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Bone Remodeling-Chapter 2:Cellular Activities in Bone

Elsevier Inc.
DOI: 10.1016/b978-0-12-374602-3.00002-x
  • Biology
  • Chemistry
  • Medicine
  • Physics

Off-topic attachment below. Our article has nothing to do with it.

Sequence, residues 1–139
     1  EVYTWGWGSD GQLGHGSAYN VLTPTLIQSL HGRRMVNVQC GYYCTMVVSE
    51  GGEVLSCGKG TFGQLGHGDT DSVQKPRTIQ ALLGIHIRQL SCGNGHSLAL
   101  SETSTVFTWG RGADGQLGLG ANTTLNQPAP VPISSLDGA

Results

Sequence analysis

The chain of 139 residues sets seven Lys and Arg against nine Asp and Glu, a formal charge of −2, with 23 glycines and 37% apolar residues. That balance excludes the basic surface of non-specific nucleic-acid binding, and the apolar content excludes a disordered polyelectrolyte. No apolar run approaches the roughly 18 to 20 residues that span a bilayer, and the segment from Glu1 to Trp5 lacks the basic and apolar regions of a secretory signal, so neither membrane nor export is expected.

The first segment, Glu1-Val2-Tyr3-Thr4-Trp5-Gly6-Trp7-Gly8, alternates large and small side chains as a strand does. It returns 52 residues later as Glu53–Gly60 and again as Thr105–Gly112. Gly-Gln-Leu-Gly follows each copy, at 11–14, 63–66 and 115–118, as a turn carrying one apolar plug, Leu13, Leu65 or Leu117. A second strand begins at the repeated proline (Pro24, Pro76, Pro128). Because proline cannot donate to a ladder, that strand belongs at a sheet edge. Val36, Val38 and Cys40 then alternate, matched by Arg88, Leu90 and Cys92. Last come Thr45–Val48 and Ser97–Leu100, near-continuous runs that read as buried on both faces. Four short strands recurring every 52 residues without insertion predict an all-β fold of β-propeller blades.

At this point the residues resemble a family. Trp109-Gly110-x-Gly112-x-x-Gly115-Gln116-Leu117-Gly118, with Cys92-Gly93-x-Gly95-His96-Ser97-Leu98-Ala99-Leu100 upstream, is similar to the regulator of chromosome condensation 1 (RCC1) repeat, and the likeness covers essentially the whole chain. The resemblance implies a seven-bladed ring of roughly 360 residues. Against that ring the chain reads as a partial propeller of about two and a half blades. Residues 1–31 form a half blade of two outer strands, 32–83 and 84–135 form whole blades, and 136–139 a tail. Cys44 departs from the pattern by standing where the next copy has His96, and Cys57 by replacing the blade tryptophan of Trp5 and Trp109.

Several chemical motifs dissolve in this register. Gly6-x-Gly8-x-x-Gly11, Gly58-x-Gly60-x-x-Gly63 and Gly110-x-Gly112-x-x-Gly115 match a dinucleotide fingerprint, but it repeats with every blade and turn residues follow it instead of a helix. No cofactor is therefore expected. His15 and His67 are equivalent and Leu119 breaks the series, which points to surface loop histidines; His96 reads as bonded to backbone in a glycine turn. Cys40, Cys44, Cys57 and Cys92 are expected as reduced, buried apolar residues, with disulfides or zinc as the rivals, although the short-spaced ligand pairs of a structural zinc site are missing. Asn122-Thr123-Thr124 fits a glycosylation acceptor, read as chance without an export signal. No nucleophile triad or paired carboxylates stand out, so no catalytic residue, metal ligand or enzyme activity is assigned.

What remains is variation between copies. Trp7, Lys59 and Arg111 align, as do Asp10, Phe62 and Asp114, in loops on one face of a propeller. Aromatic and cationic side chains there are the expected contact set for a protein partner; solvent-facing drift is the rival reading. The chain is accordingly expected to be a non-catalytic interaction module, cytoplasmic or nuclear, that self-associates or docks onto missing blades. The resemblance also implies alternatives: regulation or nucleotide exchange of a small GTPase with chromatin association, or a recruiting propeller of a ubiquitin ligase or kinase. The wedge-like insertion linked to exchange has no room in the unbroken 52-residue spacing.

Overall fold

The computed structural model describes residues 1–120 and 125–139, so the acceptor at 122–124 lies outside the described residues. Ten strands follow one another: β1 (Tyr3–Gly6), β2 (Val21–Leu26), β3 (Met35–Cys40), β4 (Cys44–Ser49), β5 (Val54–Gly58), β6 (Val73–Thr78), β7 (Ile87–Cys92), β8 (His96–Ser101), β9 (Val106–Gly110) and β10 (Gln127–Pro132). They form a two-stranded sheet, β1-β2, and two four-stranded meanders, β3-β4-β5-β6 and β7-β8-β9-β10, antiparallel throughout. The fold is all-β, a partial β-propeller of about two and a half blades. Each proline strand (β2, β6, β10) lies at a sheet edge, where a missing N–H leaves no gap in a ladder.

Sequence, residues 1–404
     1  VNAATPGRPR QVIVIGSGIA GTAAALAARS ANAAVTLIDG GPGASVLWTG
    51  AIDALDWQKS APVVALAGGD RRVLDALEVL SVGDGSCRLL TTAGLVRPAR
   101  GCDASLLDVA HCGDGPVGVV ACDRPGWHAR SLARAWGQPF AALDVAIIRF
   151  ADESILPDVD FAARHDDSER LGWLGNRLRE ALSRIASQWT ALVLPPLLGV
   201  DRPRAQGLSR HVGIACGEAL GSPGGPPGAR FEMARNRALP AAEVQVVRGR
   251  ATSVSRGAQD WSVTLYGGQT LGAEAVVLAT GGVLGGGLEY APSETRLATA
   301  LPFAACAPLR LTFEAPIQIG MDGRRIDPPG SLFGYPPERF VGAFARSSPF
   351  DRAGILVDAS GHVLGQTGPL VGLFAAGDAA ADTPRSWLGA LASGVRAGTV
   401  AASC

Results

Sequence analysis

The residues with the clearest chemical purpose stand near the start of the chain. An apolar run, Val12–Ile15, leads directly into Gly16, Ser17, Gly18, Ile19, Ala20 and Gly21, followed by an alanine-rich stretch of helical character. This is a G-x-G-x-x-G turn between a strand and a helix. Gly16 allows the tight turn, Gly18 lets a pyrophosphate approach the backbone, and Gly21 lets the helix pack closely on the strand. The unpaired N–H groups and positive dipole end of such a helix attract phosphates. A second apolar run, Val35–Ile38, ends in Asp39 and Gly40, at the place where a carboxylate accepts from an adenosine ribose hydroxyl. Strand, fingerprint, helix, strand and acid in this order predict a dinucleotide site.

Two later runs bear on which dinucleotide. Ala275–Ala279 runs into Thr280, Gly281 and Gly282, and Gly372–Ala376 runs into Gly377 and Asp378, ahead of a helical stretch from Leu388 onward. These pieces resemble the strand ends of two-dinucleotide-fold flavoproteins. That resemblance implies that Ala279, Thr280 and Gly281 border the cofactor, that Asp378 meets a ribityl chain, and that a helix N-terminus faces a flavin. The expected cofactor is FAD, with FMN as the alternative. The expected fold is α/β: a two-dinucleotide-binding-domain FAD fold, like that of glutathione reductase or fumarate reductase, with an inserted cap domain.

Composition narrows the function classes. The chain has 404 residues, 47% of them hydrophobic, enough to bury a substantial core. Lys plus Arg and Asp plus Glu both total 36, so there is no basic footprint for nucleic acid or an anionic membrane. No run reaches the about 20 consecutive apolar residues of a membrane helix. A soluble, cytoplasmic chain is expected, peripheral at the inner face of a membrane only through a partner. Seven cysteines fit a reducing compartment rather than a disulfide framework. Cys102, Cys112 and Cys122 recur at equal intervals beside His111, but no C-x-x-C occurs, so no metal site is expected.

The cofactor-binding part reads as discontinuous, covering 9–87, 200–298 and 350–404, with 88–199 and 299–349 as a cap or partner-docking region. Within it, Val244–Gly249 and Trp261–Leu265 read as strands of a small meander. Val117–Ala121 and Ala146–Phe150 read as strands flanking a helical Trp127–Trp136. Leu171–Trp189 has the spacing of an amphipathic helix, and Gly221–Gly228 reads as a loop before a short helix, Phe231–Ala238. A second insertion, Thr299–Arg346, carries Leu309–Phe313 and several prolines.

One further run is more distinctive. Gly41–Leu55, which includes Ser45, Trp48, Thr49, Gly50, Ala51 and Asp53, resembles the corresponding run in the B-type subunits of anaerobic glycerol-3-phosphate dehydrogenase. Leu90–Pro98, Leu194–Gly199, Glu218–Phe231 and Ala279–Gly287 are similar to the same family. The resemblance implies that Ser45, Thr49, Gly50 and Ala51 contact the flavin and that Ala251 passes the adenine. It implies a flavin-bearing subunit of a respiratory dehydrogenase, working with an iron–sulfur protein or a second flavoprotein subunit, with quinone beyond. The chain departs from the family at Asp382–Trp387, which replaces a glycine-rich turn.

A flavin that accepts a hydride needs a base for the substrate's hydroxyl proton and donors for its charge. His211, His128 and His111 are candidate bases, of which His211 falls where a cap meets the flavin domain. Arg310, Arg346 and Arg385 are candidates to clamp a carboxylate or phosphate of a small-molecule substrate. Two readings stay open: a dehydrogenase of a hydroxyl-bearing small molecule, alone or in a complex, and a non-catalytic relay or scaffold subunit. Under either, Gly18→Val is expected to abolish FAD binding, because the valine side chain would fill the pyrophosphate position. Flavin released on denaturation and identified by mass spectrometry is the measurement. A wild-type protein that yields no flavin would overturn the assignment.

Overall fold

Publisher Summary Bone remodeling is a fundamental process by which the mammalian skeleton tissue is continuously renewed to maintain the structural, biochemical and biomechanical integrity of bone and to support its role in mineral homeostasis. The process of bone remodeling is achieved by the cooperative and sequential work of groups of functionally and morphologically distinct cells, termed basic multicellular units (BMUs) or bone remodeling units (BRUs). Changes in the population and/or activities in any component of the BMUs disrupt the harmony of the cellular efforts and leads to changes in bone mass and strength. The cellular activities of bone remodeling units vary within and among the different bones of the skeleton and this variation changes with age, underlying the mechanism of age-related bone loss. This chapter reviews current concepts of bone remodeling with respect to its cellular mechanism, physiological functions, and anatomic variation in cellular behavior.

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